Yes, GDP growth was revised slightly upward but most of the other data released last week was not nearly as strong. Nevertheless, Fed Chair Janet Yellen said in a speech on Thursday that she anticipates it being “appropriate” to raise the fed funds target rate before the year is out. Here are the 5 things we learned from U.S. economic data released during the week ending September 25.
2nd Quarter GDP was stronger than previously thought thanks to higher levels of consumer spending and business investment. The Bureau of Economic Analysis’ 3rd estimate of Q2 GDP raised its seasonally adjusted annualized rate of economic expansion to +3.9%, versus the +3.7% estimate released a month earlier and the initial +2.3% gain reported in late July. All of the major components of GDP made positive contributions to the measure of economic activity. The biggest contributors to Q2 GDP growth were consumption (adding 242-basis points to GDP growth, with nearly equal contributions coming from spending on goods and services), fixed nonresidential investment (adding 53-basis points), government expenditures (+46-basis points) and fixed residential investment (+30-basis points). Current consensus has the economic expansion being slower during the current quarter, with growth forecasts ranging from the mid-to-upper 1% range to lower 2%. The personal consumption expenditure (PCE) deflator, a measure of inflation, jumped 2.2% during the quarter, its fastest pace of growth since the final months of 2012. Blame the rebound in energy prices for some of the inflation. Net of energy and food, the core PCE deflator grew 1.9%.
Economic growth appears to have slowed during August because of soft manufacturing activity. The Chicago Fed National Activity Index (CFNAI), a weighted metric of business activity based on 85 economic indicators, plummeted by 92-basis points to a reading of -0.41. Much of the drop can be tied to the 66-basis drop in index components related to production/income, although the other 3 major categories of indicators also lost a step during the month: employment (down 19-basis points), sales/orders/inventories (down 6-basis points) and consumption/housing (down 2-basis points). The 3-month moving average for the CFNAI only lost a single basis point to +0.01. This reading is consistent with an economy that is growing near its historic growth rate.
Mixed housing news for August: slower existing home sales and higher new home sales. The National Association of Realtors’ seasonally adjusted annualized measure of previously owned homes slumped 4.8% during the month to 5.31 million units. Sales slowed in 3 of 4 Census regions but were unchanged in the Northeast. Even with the decline, existing home sales were 6.2% above year ago levels and still close to its post-recession high. The 2.29 million homes on the market at the end of August (+1.3% vs. July 2015, -1.7% vs. August 2014) represented a tight 5.2 month supply. The median sales price of $228,700 was up 4.7% from a year earlier. The press release suggested the decline in home sales was because “the persistent summer theme of tight inventory levels likely deterred some buyers.”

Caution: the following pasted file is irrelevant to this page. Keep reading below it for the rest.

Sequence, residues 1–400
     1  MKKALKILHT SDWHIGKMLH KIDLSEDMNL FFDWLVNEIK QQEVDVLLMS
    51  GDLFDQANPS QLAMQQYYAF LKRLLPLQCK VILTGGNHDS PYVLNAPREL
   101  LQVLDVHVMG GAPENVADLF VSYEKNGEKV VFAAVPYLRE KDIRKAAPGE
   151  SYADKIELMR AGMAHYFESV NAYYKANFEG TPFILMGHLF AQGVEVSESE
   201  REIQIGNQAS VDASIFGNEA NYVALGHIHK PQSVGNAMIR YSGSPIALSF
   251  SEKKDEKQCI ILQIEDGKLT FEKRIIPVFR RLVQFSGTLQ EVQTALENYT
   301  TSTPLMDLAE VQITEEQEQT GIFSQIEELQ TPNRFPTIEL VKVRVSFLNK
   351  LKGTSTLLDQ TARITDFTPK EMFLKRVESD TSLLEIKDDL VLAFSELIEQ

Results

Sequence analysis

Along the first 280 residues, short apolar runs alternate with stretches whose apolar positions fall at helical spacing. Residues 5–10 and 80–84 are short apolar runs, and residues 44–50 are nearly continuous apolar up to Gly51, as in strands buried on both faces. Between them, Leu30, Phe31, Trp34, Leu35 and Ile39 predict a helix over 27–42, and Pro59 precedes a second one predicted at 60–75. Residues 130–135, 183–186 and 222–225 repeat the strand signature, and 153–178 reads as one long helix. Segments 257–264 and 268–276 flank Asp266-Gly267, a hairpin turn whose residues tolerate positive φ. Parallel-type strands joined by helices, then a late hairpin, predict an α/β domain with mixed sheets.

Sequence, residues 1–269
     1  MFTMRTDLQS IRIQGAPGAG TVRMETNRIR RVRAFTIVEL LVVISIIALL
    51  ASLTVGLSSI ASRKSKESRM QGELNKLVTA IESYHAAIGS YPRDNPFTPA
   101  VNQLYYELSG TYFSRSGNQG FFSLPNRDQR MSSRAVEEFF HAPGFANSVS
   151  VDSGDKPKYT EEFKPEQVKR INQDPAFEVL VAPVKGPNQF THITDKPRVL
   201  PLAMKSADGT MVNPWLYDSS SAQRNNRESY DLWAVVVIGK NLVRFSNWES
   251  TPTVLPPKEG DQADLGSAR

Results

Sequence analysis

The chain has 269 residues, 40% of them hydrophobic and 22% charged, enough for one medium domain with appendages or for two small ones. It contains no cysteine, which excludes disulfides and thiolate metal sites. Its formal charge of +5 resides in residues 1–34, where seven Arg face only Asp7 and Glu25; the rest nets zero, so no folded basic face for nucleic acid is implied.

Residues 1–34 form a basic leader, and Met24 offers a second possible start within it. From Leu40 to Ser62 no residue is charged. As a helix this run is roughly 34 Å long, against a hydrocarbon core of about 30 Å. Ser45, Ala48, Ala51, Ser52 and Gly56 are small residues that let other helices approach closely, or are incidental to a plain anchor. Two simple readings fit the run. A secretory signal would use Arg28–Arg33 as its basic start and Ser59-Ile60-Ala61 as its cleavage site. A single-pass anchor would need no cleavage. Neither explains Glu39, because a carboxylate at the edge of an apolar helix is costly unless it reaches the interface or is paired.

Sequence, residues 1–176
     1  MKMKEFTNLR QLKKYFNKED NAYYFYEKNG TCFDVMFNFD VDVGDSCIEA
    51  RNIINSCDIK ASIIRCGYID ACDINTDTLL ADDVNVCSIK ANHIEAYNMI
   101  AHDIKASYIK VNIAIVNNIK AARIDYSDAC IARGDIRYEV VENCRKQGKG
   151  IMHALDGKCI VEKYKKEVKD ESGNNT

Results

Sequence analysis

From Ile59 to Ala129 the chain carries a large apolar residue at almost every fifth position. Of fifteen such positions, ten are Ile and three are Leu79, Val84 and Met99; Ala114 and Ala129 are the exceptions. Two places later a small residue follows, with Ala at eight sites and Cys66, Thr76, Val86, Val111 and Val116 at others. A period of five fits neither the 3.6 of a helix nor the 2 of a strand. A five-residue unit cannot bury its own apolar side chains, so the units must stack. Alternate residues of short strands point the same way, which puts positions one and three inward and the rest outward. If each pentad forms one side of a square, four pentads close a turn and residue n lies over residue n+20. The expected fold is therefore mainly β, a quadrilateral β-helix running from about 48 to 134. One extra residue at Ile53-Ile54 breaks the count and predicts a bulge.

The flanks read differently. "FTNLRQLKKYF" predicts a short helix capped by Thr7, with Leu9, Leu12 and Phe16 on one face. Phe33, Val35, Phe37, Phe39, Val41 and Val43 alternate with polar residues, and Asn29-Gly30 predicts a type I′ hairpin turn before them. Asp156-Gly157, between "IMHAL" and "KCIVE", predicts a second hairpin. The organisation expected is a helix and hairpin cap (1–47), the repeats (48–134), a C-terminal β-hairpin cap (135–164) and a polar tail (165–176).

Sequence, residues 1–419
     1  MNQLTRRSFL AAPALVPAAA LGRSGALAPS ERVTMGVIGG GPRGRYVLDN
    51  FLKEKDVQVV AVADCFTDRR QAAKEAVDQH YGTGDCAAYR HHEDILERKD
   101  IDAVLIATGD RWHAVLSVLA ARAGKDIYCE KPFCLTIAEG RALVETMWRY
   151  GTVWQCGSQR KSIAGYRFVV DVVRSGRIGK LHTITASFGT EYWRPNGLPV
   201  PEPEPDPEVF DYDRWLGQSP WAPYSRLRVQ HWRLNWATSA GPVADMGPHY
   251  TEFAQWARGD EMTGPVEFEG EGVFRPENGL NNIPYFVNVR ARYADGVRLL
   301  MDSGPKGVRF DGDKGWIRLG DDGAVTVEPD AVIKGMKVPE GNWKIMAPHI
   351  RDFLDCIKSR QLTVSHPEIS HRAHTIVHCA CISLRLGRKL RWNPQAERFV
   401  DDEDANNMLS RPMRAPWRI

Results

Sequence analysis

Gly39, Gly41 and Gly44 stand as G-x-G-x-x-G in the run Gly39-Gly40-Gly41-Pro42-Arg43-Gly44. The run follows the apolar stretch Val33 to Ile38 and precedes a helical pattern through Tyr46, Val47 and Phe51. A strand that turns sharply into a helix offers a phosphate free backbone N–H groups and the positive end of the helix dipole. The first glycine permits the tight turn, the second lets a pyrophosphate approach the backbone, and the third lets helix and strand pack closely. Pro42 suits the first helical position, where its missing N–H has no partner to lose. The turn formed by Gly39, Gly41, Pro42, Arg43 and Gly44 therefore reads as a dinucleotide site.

Meanwhile, new home sales grew 5.7% during the same month to 552,000 units (SAAR). The Census Bureau estimates new home sales grew in 3 of 4 Census regions—Northeast (+24.1%), South (+7.4%) and West (+5.4%)—but declined 9.1% in the Midwest. New home sales have grown 21.6% over the past year, with double digit percentage gains in all 4 Census regions. Inventories of unsold new homes remained tight—the 216,000 new homes available for sale at the end of August (+0.5% vs. July 2015, +5.4% vs. August 2014) represented a 4.7 month supply.
Durable goods orders fell in August, hurt by fewer orders for aircraft and slowing business investment. The Census Bureau estimates durable goods orders were at a seasonally adjusted $236.3 billion, down 2.0% for the month and 2.3% from a year earlier. Transportation goods orders were their typical volatile self, having fallen 5.8% for the month due to a 5.9% drop in civilian aircraft orders and a 1.6% decline in automobile orders. Net of transportation goods, durable goods orders were unchanged during August at $157.6 billion. The closely watched proxy for business investment—nondefense capital goods orders net of aircraft—slipped 0.2% for the month. Shipments were virtually unchanged for the month at $243.2 billion, unfilled orders declined 0.2% to $1.195 trillion and inventories was essentially unchanged at $401.4 billion.
Consumer confidence softened during September, likely due to recent stock market volatility. The Index of Consumer Sentiment from the University of Michigan lost 4.7 points during the month to a seasonally adjusted 87.2 (1966 Q1 = 100). This actually was a 1.5 point improvement from the preliminary September reading released earlier in the month. The current conditions index lost 3.9 points to 101.2 while the expectations index shed 5.2 points to 78.2. Regardless of whether September’s step back was fleeting or a trend, it is noteworthy that all three measures were still sitting above their year ago readings. The press release links the rebound in sentiment during the latter half of the month to consumers increasingly [concluding] that the stock market declines had more to do with international conditions than the domestic economy.” The group expects consumer spending will grow at an annualized rate of 2.9% during the final months of 2015 and through 2016.
Other data released over the past week that you might find of interest:
– Jobless Claims (week ending September 19, 2015): 267,000 (+3,000 vs. week earlier); 4-week moving average: 271,750 (-750 vs. week earlier).
– FHFA House Price Index (July 2015): +0.6% vs. June 2015, +5.8% vs. July 2014.
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